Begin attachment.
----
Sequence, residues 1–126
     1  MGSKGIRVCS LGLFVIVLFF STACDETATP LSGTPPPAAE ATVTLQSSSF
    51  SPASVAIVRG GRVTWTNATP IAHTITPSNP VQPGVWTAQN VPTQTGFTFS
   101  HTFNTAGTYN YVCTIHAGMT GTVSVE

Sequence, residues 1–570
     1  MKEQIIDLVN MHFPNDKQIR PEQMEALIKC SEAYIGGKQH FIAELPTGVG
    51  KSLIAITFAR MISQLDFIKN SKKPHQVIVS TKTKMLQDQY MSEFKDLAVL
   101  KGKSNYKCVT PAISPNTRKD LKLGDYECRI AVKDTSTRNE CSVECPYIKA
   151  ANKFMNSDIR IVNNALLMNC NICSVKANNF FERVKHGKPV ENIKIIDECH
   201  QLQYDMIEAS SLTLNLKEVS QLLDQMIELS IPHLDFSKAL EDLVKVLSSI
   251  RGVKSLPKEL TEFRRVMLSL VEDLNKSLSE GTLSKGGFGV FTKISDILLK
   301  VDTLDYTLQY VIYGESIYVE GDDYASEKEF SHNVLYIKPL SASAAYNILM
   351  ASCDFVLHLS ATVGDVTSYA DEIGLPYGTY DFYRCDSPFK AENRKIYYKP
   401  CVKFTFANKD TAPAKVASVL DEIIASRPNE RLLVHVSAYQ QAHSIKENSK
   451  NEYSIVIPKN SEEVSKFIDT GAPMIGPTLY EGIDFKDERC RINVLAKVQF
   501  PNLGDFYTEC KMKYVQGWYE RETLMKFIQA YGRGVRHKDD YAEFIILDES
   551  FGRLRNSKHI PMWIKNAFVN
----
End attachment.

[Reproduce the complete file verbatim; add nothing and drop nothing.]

Sequence, residues 1–126
     1  MGSKGIRVCS LGLFVIVLFF STACDETATP LSGTPPPAAE ATVTLQSSSF
    51  SPASVAIVRG GRVTWTNATP IAHTITPSNP VQPGVWTAQN VPTQTGFTFS
   101  HTFNTAGTYN YVCTIHAGMT GTVSVE

Sequence, residues 1–570
     1  MKEQIIDLVN MHFPNDKQIR PEQMEALIKC SEAYIGGKQH FIAELPTGVG
    51  KSLIAITFAR MISQLDFIKN SKKPHQVIVS TKTKMLQDQY MSEFKDLAVL
   101  KGKSNYKCVT PAISPNTRKD LKLGDYECRI AVKDTSTRNE CSVECPYIKA
   151  ANKFMNSDIR IVNNALLMNC NICSVKANNF FERVKHGKPV ENIKIIDECH
   201  QLQYDMIEAS SLTLNLKEVS QLLDQMIELS IPHLDFSKAL EDLVKVLSSI
   251  RGVKSLPKEL TEFRRVMLSL VEDLNKSLSE GTLSKGGFGV FTKISDILLK
   301  VDTLDYTLQY VIYGESIYVE GDDYASEKEF SHNVLYIKPL SASAAYNILM
   351  ASCDFVLHLS ATVGDVTSYA DEIGLPYGTY DFYRCDSPFK AENRKIYYKP
   401  CVKFTFANKD TAPAKVASVL DEIIASRPNE RLLVHVSAYQ QAHSIKENSK
   451  NEYSIVIPKN SEEVSKFIDT GAPMIGPTLY EGIDFKDERC RINVLAKVQF
   501  PNLGDFYTEC KMKYVQGWYE RETLMKFIQA YGRGVRHKDD YAEFIILDES
   551  FGRLRNSKHI PMWIKNAFVN